Genesis 13:3-18 – Abram and Lot Go Their Separate Ways, and a Third Altar is Built

My family in Christ, shalom.

Welcome to another edition of my journey through the Bible. Last time we saw the Holy Spirit leading Abram and his caravan southwards through Canaan and into Egypt. There God showed that He is indeed good by protecting Sarai’s virtue and increasing Abram’s wealth.

We rejoin the biblical account now as this group retrace their steps back to where Abram built his second altar. This was between Bethel (‘house of God’) and Ai (‘heap of ruin’) in northeast Canaan. Even before Egypt this group had found it hard to settle in Canaan as their herds and possessions were so great. Now that this wealth had been vastly increased in the land of the pharaohs, no single area could sustain them all. Arguments broke out between herdsmen (v. 7) and it seemed that it was finally time for this great family to go their separate ways.

From here (vv. 5ff.) Abram’s nephew Lot (‘covering,’ ‘veil’) becomes more involved in the narrative.

Pastor Bill Buffington talks about Abram being an “authority figure”. After all, it was he who speaks with God and testifies to it. Abram was the one who arranged for them all to leave Haran in the first place, and whose leadership under God had done them good so far. Thus it is Abram who suggests to Lot that he leave, and that whichever direction he goes in, Sarai and he will go in the opposite direction (v. 9).

Probably being away from his family for the first time in his life, a headstrong Lot now makes decisions for every man, woman, child and animal under his care, and take them all to where he chooses. Unfortunately, when making the decision about where to go he leaves God – the Decision Maker – out of the equation. What he does take into account, though (which may seem good from an earthly point of view), is his cattle and herds. His eye is captured by the lush and fertile land of the plain of Jordan. There are more than enough blades of grass to feed his animals, and an adequate water supply suggests that what is eaten will easily grow again (cf. v. 10 and 2:10-14). So Lot goes eastward. However, he pitches his tent near Sodom, and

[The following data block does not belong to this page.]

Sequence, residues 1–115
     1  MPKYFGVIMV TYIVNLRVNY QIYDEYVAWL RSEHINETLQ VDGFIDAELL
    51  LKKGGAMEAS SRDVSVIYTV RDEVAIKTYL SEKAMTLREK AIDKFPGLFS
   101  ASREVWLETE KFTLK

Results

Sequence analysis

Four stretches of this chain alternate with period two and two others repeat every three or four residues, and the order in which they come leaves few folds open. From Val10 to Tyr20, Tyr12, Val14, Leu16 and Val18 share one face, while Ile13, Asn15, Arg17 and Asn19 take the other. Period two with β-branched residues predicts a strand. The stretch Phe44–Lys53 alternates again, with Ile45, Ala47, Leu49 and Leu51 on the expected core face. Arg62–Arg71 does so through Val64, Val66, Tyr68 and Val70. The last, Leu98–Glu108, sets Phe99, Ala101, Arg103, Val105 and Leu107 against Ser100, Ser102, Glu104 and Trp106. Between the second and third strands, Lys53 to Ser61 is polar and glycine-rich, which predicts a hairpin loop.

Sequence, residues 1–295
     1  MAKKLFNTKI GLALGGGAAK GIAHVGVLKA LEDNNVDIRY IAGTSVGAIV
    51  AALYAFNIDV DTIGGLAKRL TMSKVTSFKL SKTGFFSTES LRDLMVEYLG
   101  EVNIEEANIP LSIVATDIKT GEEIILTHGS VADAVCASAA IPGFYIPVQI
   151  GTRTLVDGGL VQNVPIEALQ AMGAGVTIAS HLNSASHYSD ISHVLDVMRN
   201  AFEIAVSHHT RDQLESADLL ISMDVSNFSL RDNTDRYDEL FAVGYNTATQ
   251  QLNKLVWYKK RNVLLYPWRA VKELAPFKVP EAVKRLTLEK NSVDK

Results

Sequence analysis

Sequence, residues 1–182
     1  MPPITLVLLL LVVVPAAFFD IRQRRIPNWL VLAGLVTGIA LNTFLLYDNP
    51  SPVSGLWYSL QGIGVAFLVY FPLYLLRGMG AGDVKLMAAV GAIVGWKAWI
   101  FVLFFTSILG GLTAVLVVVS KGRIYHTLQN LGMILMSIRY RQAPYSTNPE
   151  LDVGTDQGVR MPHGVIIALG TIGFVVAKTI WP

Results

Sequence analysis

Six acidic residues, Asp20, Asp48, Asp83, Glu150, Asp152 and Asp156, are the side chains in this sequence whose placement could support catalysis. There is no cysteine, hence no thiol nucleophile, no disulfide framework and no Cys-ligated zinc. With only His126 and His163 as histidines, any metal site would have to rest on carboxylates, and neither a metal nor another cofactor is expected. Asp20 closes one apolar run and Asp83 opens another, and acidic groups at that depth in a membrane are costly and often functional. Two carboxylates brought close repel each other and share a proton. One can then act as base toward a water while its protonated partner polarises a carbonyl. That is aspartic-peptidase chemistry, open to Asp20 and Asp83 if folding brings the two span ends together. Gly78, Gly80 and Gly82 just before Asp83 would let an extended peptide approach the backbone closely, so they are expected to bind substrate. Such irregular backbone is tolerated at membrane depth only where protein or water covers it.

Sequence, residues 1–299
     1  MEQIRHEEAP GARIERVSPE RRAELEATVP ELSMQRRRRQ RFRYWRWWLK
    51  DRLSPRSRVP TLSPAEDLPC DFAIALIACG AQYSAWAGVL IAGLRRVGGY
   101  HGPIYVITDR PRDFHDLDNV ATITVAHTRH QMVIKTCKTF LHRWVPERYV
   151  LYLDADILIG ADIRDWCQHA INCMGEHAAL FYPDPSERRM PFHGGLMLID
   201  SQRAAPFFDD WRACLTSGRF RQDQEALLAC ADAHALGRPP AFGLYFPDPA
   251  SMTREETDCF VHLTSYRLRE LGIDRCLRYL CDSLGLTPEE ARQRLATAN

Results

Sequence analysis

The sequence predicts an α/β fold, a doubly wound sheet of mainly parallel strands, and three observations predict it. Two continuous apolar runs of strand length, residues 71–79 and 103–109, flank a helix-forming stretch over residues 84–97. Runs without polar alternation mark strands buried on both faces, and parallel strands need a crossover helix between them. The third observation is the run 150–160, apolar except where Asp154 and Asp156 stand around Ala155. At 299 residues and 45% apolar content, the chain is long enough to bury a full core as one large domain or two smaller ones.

“…the inhabitants of Sodom were very wicked sinners against the LORD”

(Genesis 13:13 JPS).

This unholy place is probably not somewhere that God would have brought someone with Lot’s spiritual mentality. Just like the animals, Lot and the people with him might also have satisfied their bellies in this land, but it was lacking in spiritual nourishment. (More will be said about Sodom when I examine chapter 14 in a future blog.)

We may assume that Abram was still at the altar between Bethel and Ai at this point. Now that the hindrance of another family attachment has been severed, the LORD goes into greater detail regarding His plans for Abram and Sarai:

“Raise your eyes and look out from where you are, to the north and south, to the east and west, for I give all the land that you see to you and your offspring forever. I will make your offspring as the dust of the earth, so that if one can count the dust of the earth, then your offspring too can be counted. Up, walk about the land, through its length and its breadth, for I give it to you”

(vv. 14b-17 JPS).

Abram and Sarai now move south, travelled through Hebron (‘alliance’) before coming to Mamre, a place named after an ancient cultic oak tree-shrine. As was his custom, Abram here builds his third altar to the LORD (v. 18).

land-of-canaan

Although short this time, I do hope you have enjoyed the insights here into Genesis 13. I must say that sometimes the sermons given in our local churches can seem a bit repetitive and dull (I mean no offence: this is definitely not the case all the time!). I am starting to lean how educational it can be to hear the sermons said in churches in which we may never get to physically visit. Furthermore, by doing so we also gain a greater awareness of our wider Church family. Hallelujah, thank you Jesus for making this possible! Amen.

Shalom, and God bless you.

 

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Genesis 12:8-13:2 – an Altar Builder Travels through the Promised Land and Seeks Refuge in Egypt

My family in Christ, shalom.